6 Further. Every agent acts in as much as it is actual; and in as much as it is in act, everything is perfect: and everything that is perfect, as such, is said to be good. Therefore every agent, as such, is good. Wherefore if a thing is essentially evil, it cannot be an agent. But if it is the first principle of evils, it must be essentially evil, as we have proved. Therefore it is impossible that the distinction among things proceed from two principles, good and evil.
7 Moreover. If every being, as such, is good, it follows that evil, as such, is a non-being. Now, no efficient cause can be assigned to non-being, as such, since every agent acts for as much as it is an actual being, and every agent produces its like. Therefore no per se efficient cause can be assigned to evil, as such. Therefore evils cannot be reduced to one first cause that is of itself the cause of all evils.
8 Further. That which results beside the intention of the agent, has no per se cause, but befalls accidentally: for instance when a man finds a treasure while digging to plant. Now evil cannot result in an effect except beside the intention of the agent, for every agent intends a good, since the good is what all desire. Therefore evil has not a per se cause, but befalls accidentally in the effects of causes. Therefore we cannot assign one first principle to all evils.
Notes Keep in mind what is happening here. When a man sins he thinks, at the moment, the sin is a good. And you have to love the example of finding treasure when burrowing for potatoes!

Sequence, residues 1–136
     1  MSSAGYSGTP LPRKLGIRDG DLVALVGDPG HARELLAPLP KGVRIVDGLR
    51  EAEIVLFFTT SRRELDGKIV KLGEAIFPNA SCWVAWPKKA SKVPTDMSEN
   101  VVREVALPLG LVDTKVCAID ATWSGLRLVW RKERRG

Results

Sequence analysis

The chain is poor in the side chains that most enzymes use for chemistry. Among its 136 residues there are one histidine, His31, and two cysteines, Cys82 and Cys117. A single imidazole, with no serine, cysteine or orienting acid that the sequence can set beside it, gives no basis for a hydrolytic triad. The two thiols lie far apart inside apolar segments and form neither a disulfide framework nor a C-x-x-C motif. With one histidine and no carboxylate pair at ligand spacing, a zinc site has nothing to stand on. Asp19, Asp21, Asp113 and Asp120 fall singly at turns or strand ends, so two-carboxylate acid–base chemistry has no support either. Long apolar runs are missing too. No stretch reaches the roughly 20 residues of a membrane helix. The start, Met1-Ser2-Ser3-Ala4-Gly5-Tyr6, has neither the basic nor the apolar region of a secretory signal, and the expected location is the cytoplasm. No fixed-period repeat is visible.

9 Further. Contrary agents have contrary actions. Therefore we must not assign contrary principles to things that result from one action. Now good and evil are produced by the same action: thus by the same action water is corrupted and air generated. Therefore the difference of good and evil that we find in things is no reason for affirming contrary principles.
10 Moreover. That which altogether is not, is neither good nor evil. Now that which is, for as much as it is, is good, as proved above. Therefore a thing is evil forasmuch as it is a non-being. But this is a being with a privation. Wherefore evil as such is a being with a privation, and the evil itself is this very privation. Now privation has no per se efficient cause: since every agent acts inasmuch as it has a form: wherefore the per se effect of an agent must be something having that form, because an agent produces its like, except accidentally. It follows, then, that evil has no per se efficient cause, but befalls accidentally in the effects of causes which are effective per se.
11 Consequently there is not one per se principle of evil: but the first principle of all things is one first good, in whose effects evil is an accidental consequence.
Notes Intending evil for another isn’t what is meant, because that act is, by the agent, at least at the moment, seen as a good. Though it isn’t here argued, that this is so means the definition of what is truly good and evil must come from outside desire.